This isn’t just happening in Emily’s conference room. The Dove Real Beauty Pledge and other body positive campaigns are bringing a fresh perspective to media. It’s a start — but these ideas aren’t yet widespread enough to change the landscape. It’s one thing to appreciate that other people are beautiful in their unique, interesting and real shapes and sizes. It can be so much harder to do this for ourselves.

Changing How We Think About Beauty

What if we saw beauty in a person’s confidence, smarts or kindness? What if we saw our beautiful bodies for the amazing forms they are, that allow us to engage with the world? What if we all appreciated our bodies for the unique ways they allow joy and sensation —like what it feels like to walk or run, or hold a baby, or feel a crisp cool day or the warm sun—instead of what they look like?

Health At Every Size

I believe you can be healthy and beautiful at any size. Nobody has to be a size 2. Nobody has to have six-pack abs or thigh gaps. You can accept the body you have today, and invite yourself to explore better self-care, beginning where you are. This is why I love the Health at Every Size community.

Health at Every Size® principles help us advance social justice, create an inclusive and respectful community, and support people of all sizes in finding compassionate ways to take care of themselves.

Over 13,000 people have taken the ‘Health at Every Size’ Pledge! Check it out.

The Beliefs You Bring With You Allow You To Enjoy Connected, Pleasurable Sex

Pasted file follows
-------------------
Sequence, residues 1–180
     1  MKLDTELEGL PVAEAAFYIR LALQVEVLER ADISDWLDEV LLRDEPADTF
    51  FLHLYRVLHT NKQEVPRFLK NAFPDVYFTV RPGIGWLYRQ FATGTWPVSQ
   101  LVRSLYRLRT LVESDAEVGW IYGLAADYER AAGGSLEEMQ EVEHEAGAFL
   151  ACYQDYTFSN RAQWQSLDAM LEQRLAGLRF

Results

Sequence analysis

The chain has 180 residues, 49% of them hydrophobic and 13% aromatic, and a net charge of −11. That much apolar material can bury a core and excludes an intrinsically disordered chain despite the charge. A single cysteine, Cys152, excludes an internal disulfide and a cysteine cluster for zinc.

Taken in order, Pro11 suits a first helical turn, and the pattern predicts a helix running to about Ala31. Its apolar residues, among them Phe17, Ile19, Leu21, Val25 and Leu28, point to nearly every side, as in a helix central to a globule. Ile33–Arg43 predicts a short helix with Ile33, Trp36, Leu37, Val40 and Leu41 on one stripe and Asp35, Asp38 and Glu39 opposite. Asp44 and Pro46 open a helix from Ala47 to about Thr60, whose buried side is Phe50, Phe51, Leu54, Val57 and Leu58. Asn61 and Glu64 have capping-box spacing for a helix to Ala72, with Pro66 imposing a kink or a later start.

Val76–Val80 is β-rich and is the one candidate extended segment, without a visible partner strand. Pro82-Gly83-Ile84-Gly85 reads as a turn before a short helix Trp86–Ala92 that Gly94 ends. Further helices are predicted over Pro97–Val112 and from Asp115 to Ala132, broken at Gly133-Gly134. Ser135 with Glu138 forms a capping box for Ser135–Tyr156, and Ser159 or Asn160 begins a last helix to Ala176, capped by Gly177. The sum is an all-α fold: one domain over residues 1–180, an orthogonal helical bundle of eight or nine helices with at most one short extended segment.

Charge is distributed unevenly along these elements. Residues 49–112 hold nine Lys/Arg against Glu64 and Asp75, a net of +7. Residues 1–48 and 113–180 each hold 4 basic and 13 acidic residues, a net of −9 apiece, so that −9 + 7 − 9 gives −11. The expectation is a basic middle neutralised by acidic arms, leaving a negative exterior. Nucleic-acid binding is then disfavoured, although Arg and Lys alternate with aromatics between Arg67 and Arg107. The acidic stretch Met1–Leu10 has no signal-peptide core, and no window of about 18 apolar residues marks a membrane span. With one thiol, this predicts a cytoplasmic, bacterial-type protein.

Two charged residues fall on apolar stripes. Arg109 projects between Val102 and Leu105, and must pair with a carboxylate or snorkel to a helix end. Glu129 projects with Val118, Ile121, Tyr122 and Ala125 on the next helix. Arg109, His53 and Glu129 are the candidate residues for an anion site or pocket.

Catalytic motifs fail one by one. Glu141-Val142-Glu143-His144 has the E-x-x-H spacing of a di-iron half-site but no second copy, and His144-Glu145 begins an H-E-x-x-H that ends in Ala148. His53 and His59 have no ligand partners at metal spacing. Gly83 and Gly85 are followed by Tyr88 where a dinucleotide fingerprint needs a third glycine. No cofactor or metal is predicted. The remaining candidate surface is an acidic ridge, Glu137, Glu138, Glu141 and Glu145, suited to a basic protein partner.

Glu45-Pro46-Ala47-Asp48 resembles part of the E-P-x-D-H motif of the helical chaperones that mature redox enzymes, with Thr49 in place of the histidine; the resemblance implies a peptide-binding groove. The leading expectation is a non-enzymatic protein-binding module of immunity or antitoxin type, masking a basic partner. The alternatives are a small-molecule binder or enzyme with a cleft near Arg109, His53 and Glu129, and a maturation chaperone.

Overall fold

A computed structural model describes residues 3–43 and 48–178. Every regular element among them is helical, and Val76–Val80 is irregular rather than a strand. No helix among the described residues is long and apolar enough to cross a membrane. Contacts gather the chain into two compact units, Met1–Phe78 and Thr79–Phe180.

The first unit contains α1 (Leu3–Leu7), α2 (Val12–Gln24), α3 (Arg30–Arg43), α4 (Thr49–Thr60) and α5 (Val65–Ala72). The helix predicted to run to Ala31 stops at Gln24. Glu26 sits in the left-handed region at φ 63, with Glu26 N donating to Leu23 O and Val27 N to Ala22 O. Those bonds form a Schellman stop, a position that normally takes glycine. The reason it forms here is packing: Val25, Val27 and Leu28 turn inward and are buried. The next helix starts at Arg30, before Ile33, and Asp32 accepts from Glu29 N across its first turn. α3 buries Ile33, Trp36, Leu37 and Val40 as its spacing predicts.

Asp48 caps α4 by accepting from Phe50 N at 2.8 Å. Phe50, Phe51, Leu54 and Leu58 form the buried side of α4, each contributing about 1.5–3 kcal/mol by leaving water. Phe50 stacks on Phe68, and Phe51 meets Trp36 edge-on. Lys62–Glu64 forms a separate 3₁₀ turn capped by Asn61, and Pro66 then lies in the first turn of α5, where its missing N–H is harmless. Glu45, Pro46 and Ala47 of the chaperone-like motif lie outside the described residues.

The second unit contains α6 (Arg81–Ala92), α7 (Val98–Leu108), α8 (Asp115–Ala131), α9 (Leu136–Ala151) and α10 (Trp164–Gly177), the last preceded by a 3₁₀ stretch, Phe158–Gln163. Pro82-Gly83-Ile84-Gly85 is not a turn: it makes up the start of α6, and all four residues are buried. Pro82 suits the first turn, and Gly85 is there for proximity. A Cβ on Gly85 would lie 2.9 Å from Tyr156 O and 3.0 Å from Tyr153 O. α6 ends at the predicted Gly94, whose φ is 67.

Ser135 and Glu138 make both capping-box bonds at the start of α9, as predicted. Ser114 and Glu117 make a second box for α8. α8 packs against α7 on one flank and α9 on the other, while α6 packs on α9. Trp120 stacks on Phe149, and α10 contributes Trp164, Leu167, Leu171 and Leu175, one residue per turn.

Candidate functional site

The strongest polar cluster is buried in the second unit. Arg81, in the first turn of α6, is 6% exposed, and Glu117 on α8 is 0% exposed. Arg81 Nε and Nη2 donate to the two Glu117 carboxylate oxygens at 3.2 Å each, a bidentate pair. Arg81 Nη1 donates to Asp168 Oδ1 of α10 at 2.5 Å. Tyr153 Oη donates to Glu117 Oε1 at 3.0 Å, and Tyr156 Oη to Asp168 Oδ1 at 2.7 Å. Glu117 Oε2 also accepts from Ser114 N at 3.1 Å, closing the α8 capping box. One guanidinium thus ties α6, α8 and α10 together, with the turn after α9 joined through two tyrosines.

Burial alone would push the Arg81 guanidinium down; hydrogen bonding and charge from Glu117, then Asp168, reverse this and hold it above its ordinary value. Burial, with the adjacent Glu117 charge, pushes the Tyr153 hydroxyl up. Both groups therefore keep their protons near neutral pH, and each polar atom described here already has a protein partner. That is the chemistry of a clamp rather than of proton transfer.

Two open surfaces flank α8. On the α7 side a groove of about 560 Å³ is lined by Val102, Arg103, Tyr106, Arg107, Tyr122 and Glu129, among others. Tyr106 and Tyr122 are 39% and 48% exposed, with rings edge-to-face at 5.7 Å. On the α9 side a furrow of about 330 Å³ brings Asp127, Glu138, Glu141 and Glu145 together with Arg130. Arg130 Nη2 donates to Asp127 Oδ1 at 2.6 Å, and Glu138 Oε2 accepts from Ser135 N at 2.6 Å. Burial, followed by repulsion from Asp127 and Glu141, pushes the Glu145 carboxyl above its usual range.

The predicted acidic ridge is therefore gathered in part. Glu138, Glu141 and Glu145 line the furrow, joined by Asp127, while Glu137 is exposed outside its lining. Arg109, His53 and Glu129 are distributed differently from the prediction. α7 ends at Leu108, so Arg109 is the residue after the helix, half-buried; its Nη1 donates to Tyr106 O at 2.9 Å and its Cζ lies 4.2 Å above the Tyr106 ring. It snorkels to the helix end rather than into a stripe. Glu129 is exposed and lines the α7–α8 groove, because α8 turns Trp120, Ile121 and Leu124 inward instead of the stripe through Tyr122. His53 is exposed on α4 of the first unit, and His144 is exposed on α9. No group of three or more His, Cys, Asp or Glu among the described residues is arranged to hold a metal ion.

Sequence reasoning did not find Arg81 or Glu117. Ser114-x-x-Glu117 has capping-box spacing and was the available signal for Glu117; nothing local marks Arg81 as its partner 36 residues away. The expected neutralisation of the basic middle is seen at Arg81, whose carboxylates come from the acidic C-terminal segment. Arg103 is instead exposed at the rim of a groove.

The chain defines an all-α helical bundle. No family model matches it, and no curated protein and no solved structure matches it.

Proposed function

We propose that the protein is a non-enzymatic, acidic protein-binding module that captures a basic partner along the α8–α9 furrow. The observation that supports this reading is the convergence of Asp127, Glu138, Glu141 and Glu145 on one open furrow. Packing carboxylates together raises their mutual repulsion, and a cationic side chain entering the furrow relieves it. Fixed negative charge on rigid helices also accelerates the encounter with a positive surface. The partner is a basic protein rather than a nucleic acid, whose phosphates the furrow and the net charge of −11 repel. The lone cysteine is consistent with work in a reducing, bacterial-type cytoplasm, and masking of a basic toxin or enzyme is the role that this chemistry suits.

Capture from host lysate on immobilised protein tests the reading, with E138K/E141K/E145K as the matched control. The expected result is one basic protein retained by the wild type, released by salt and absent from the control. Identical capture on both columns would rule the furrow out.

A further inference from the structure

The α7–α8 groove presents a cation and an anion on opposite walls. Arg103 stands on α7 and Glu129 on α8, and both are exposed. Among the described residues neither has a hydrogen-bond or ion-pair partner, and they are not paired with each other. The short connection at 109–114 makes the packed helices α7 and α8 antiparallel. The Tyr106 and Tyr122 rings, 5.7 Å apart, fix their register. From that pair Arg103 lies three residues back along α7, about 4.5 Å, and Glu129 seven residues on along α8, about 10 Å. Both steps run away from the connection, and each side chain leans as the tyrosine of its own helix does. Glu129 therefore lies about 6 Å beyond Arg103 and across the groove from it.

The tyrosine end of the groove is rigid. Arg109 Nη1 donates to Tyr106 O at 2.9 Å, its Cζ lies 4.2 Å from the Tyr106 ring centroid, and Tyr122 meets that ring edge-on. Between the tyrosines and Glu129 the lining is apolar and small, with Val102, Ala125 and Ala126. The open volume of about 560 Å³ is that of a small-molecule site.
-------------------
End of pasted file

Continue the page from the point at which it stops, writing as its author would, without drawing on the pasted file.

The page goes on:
Remember, the beliefs you have about yourself as a person are the same beliefs you bring to relationships and to sex. So if you don’t believe you’re attractive or worthy, how can you accept love and kindness in a relationship? How can enjoy a meaningful, joyful sex life?

Start with this video from Emily Nagoski, The Keys to a Happier, Healthier Sex Life.

And then read her book, Come As You Are: The Surprising New Science that Will Transform Your Sex Life in which she shows how, scientifically, “Stress, mood, trust, and body image are not peripheral factors in a woman’s sexual wellbeing; they are central to it.”

Your wellbeing — including sexual wellbeing — starts by being kind to yourself — no matter what. You are born to enjoy love. You deserve respect and kindness. Though trauma may block your view at the moment, the incredible beauty of you is still there. You can begin healing by giving yourself permission to hold space for yourself and all you’ve been through —- and welcome the person you see.

Healing means asking false self-beliefs to step aside, to be replaced with the truth—that you are beautiful, unique and worthy.

You can accept and love yourself just as you are.

You can accept and love your partner just as they are.

You can be present and confident, and enjoy sex with your partner — just the way you are.

More Resources

Health At Every Size:

‘You’re normal!’ is science’s battle cry in the fight for sexual liberation, Van Badham

Nothing is wrong with your sex drive, Emily Nagoski

The truth about desire, Emily Nagoski

The World Cup of Women’s Sexual Desire, Emily Nagoski

Do You Understand Female Sexual Desire? Pamela Madsen